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NASA’s next-gen space telescope delayed for the millionth time

Published Jul 17th, 2020 11:10PM EDT
james webb delay
Image: NASA

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  • NASA has announced that the James Webb Space Telescope will yet again miss its planned launch date and instead launch in October 2021… maybe.
  • The telescope was originally supposed to launch in 2007 on a $500 million budget.
  • It’s been nearly a decade and a half since the planned launch, and costs have ballooned to $10 billion.

Hey, stop me if you’ve heard this one before: NASA’s James Webb Space Telescope isn’t going to launch when it was supposed to launch. Sound familiar? Well, that’s because the telescope has seen so many delays that at this point I’ve honestly lost count. According to NASA, the new launch date (which will probably also not happen) is October 2021.

NASA officials made the announcement on Thursday and blamed a number of factors for the delay. The COVID-19 pandemic was top of the list, which is fair, and work on the James Webb telescope was indeed impacted by workers not being able to come in as usual. The other potential factors included months of additional testing to ensure the telescope’s folding array works as intended and other maintenance.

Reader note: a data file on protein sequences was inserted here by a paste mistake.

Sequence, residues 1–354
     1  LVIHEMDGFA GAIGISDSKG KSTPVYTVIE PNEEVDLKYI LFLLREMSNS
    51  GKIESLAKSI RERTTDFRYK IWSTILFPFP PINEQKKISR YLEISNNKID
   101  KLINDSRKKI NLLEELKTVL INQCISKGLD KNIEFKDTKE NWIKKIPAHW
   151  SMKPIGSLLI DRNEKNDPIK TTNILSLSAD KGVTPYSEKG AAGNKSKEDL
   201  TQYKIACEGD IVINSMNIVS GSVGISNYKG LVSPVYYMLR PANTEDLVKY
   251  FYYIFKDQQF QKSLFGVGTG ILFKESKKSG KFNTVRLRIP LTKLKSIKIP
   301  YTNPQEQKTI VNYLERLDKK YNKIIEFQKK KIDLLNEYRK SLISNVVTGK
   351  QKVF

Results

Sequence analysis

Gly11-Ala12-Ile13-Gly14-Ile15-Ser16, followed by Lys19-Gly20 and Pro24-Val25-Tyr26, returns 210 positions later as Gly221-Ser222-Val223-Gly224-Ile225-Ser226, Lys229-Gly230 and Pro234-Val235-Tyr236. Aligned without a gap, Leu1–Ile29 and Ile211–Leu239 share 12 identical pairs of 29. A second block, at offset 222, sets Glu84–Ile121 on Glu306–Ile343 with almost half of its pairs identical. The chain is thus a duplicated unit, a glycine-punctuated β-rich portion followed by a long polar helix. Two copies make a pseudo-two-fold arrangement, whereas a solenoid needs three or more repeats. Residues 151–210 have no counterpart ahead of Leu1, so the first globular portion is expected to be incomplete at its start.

It wouldn’t be a stretch to call the James Webb Space Telescope a disaster at this point. The project had an original launch window of 2007 and a budget of roughly $500 million. Now, almost a decade and a half later, the cost of the telescope has ballooned to $10 billion, and much of that is due to contractor Northrop Grumman failing to hold up to its end of the deal.

The company’s CEO was even called before Congress to explain how things got so out of hand. Independent reports on the progress of the project revealed huge missteps on the part of the company, including using the wrong kinds of solvents on critical spacecraft components and even things as silly as not tightening bolts down correctly.

Incredibly, Northrop Grumman CEO Web Bush admitted to Congress that not only was the company screwing these things up, but that no staff had lost their jobs due to the incompetence that led to huge delays and massive cost overruns. A lawmaker then took the bold step of asking whether or not the company would give the government a break on the bill, since it was the company’s fault that the project is taking so long. Unsurprisingly, the CEO took the stance that doing so “would be the wrong approach.”

In any case, with how poorly the project has been managed up to this point it was pretty obvious that the global pandemic was going to throw another wrench in NASA’s plans, and it appears to have done just that. Going forward, it’ll be interesting to see just how far this mission can be delayed, because at this point it must already be a record.

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